William Black was born on 6 Jan1885 in Cardiff, the only son of William Black originally from Kinghoorn, Fife, Scotland and Alice Black née Gray originally from Hartlepool. The family originally lived at  of 80 Richards Terrace, Roath but by 1891 the family had moved to 235 Newport Road, Roath.  His father was a superintendent marine engineer.  William attended Cardiff Municipal Secondary School, Howard Gardens from 1895 to 1898 and then Cardiff High School from September 1898, when he was in the school’s first ever intake .  He left in Dec 1900 to follow his father’s profession and started work as an apprenticed engineer.  He took an extra first class engineers certificate at South Shields in 1911 and later qualified as a naval architect.  He was employed as a consulting engineer at Cardiff docks and, on the death of his father in 1912, he succeeded him in the business.  In Sep 1915, he was appointed Engineer Lieutenant RN. William Black was killed, aged 30, when HMS Natal accidentally exploded with great loss of life in Cromarty Firth on 31 Dec 1915.  Over four hundred died.  Though it was at first assumed she had been torpedoed it was later concluded that the cause was an internal ammunition explosion, possibly the result of faulty cordite.  Engineer Lieutenant William Black is commemorated on the Chatham Naval Memorial to the Missing and also on family gravestones in Cathays Cemetery and in Kinghorn, Fife, where his family originated.  He is also commemorated on the Cardiff High School war memorial, the Howard Gardens war memorial and the war memorial that was in the Wesleyan Methodist Church, Broadway, Roath now in the Trinity CentreCommonwealth War Graves Commission record.

William Black portrait and graves

William Black (photo: Western Mail), lower left: tribute on family grave at Cathays Cemetery, grave S745, right – remembered on family grave in Kinghorn, Fife.


William Collier,

Herbert Constanine,

Wilfred Dymoke,

Algy Farley,

Harold Peacock,

Leslie Rowe,

Vivian Rowe,

Frank Stacey,

Bernard Way,

Bert Yarwood


Broadway Methodist Church Memorial Windows later reinstalled at Trinity Methodist Church

Broadway Methodist Church Memorial Windows unveiled in November 1920, later reinstalled at Trinity Methodist Church in 1950.

Broadway Methodist Church Windows Plaque


Cyfartha Street Mission plaque

CYFARTHA STREET MISSION plaque

The Cyfartha Street Mission plaque now housed at the Trinity Centre

Names on the memorial: Sydney Banbury, Frank Stacey

ARTHUR SYDNEY BANBURY

Corporal,  38th Division, Signal Company, Royal Engineers  (Service Number: 62902)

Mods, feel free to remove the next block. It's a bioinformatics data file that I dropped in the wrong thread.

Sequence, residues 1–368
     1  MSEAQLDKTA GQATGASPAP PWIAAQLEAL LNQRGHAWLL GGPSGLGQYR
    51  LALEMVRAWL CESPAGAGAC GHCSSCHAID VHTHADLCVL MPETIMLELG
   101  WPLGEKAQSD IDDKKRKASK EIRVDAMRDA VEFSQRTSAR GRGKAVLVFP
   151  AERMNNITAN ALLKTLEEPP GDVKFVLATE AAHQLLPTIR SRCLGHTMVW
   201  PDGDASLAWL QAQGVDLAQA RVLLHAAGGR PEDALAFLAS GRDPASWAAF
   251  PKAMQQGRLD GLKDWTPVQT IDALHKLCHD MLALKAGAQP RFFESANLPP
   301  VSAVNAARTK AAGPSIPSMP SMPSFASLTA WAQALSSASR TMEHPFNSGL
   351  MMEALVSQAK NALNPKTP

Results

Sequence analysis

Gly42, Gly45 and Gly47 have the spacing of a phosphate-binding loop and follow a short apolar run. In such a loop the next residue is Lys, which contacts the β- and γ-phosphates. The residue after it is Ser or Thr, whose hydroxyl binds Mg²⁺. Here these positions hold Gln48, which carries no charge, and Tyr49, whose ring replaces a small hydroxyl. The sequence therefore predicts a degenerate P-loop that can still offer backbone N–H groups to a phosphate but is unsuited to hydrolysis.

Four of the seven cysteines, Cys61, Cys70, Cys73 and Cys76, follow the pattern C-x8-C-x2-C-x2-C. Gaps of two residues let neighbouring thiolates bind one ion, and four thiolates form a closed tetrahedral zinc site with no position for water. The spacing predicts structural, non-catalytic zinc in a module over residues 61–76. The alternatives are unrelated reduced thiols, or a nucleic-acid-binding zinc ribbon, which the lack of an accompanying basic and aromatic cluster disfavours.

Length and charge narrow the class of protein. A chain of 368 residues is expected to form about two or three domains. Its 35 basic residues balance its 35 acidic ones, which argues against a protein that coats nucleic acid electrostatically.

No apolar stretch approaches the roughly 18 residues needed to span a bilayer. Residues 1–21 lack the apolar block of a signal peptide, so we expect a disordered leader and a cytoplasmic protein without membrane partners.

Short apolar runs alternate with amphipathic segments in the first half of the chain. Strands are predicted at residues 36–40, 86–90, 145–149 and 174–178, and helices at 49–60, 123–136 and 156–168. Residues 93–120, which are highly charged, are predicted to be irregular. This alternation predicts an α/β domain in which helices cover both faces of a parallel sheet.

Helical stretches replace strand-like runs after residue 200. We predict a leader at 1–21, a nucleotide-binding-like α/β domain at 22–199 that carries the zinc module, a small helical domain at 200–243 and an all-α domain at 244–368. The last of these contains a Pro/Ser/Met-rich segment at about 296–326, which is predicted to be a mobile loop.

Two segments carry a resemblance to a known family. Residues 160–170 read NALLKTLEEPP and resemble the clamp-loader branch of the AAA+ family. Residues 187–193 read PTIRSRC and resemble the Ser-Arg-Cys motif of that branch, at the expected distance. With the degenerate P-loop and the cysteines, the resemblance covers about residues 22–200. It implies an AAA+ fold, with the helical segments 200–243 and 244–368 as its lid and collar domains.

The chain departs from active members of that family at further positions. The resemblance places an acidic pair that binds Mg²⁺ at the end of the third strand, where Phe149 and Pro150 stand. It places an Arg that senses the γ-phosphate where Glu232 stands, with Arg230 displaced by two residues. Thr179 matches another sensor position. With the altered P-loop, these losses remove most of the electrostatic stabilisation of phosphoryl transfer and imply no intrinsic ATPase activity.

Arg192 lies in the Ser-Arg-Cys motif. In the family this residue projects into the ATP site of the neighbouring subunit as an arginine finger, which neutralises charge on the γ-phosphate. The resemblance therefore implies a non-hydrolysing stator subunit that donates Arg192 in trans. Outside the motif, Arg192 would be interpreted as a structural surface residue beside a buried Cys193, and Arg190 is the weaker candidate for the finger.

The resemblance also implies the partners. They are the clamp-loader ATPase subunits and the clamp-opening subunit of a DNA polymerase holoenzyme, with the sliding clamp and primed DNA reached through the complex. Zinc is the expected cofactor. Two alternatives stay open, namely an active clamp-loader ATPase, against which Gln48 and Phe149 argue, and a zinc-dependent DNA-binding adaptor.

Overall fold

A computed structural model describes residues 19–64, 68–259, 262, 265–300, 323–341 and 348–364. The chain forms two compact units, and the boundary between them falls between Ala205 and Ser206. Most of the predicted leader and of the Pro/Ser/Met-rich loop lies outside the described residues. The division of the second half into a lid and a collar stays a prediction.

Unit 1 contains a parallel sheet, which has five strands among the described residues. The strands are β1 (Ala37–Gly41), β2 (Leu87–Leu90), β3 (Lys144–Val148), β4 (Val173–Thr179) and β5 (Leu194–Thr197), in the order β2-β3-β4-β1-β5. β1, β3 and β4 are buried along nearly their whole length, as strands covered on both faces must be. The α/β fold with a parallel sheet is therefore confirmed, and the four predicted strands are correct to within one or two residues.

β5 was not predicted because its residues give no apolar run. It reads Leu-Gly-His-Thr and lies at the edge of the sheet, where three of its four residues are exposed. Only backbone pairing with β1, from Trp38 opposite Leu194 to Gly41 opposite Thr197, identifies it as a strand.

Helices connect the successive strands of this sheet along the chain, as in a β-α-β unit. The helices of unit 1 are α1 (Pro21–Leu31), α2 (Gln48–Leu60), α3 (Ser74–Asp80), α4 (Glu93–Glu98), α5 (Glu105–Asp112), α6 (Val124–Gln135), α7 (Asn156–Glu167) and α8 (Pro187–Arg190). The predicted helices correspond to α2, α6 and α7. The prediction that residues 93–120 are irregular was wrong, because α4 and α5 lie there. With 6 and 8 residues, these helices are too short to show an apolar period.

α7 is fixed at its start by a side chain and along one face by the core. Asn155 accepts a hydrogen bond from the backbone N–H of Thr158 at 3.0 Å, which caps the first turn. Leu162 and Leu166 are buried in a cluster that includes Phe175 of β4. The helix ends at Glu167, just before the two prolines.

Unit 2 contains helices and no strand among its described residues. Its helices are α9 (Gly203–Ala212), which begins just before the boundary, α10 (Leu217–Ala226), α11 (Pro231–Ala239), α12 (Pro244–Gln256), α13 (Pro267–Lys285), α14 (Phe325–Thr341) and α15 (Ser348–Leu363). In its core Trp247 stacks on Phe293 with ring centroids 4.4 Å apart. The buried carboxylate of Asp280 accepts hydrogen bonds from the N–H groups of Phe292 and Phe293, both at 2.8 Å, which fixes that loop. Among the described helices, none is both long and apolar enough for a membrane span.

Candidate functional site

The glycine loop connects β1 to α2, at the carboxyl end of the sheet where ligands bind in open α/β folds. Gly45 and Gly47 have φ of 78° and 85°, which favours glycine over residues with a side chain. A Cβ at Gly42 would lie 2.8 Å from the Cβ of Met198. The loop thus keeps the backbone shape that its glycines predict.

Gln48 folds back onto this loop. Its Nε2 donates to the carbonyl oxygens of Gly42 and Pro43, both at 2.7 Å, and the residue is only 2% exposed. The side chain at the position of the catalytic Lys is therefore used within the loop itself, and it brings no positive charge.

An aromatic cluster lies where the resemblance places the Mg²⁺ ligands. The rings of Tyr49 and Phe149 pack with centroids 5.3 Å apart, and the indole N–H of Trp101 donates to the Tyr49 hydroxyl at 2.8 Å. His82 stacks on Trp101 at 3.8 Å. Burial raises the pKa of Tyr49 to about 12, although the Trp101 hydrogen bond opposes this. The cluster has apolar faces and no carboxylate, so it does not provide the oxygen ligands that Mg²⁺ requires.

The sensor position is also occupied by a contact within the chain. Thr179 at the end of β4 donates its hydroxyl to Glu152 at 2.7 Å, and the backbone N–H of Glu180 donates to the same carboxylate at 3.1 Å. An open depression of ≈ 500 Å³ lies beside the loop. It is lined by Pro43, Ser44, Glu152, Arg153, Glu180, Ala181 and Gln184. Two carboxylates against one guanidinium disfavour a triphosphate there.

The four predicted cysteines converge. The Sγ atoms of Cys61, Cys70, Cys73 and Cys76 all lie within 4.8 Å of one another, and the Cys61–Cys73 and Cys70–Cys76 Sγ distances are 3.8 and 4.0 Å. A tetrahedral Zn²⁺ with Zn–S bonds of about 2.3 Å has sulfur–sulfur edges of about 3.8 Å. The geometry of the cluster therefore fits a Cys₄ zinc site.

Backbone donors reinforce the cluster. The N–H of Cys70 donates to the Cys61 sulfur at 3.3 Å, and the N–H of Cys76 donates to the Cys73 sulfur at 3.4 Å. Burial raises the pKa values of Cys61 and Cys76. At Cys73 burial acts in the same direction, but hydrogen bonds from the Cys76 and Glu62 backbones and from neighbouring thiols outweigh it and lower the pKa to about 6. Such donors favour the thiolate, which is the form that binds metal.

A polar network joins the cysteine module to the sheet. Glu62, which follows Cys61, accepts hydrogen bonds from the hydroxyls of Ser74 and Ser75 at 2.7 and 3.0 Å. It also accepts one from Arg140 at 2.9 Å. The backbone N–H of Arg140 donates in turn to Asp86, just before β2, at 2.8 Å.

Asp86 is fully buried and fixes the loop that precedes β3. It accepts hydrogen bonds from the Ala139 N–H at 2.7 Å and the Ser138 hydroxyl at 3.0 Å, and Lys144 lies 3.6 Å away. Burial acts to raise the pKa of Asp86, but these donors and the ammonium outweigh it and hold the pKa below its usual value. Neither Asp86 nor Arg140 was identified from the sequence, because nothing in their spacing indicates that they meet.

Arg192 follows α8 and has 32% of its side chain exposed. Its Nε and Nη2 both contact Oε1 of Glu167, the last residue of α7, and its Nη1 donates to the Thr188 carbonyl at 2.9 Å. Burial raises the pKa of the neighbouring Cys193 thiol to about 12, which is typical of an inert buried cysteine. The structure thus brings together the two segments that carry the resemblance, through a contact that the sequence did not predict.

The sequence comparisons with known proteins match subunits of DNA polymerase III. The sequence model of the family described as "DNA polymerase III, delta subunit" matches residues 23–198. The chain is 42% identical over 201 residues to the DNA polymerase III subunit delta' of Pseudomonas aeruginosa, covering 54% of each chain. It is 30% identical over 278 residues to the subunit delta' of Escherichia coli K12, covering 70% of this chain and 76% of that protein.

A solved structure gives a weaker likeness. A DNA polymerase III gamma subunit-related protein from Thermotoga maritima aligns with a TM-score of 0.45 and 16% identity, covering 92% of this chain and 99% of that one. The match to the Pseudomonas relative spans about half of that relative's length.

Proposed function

Arthur Sydney Banbury, was born on 29 May 1883 in Cardiff to John Banbury, a coal merchant, originally from Boscastle, Cornwall and Mary Ann Banbury née Symons, also from Boscastle, Cornwall.  He grew up in the Splott area attending Metal Street Infants School and then Splotlands Board School before moving on to Howard Gardens School for two years.  In the 1891 census the Banbury family lived at 8 Coveny Street.  They also lived at 73 Broadway and 96 Splott Road before moving to 52 Partridge Road, Roath where they were at the time of both the 1901 and 1911 census.  When Sydney left school in 1898 he worked initially at the Western Mail newspaper then as a telegraphist at Cardiff GPO.  He was a Methodist as indicated by his name appearing on two local church memorial plaques. In 1912 he married Florence Mary Jennings, a telephonist, originally from St Ives, Cornwall.  They lived at 10 Grenville Road and went on to have a son, Philip Sydney Banbury, born in Feb 1916.  Sydney enlisted in Porthcawl and served as a telephone linesman on the Western Front from Dec 1915. He was killed in action in the Battle of Pilckem Ridge on 31 Jul 1917 aged 34.  He is buried at Dragoon Camp Cemetery, Boesinghe, Belgium (plot A5).  He is remembered on the Broadway Methodist Church War Memorial Plaque and the Cyfarthfa Street Mission memorial plaque, both now housed at the Trinity Centre, and on the Cardiff Post Office’s Roll of Honour.  He is also remembered on his parent’s headstone in Boscastle.  Commonwealth War Graves Commission record.  His brother Alfred  was a Corporal with the Honourable Artillery Company who enlisted in 1915 and was discharged on 10 Sep 1917 due to gunshot wounds to his right arm and eye. Sydney’s son joined the military and rose to be Major Philip Sydney Banbury with the Royal Signals during WWII.  He was awarded the Bronze Star Medal for his work in defending the important port of Antwerp from Nov 1944 to Mar 1945. He helped deploy and run an efficient communication system covering large parts of Holland and Belgium that acted as an early warning system of V1 and V2 flying bombs heading towards Antwerp.

Arthur Sydney Banbury portrait and headstone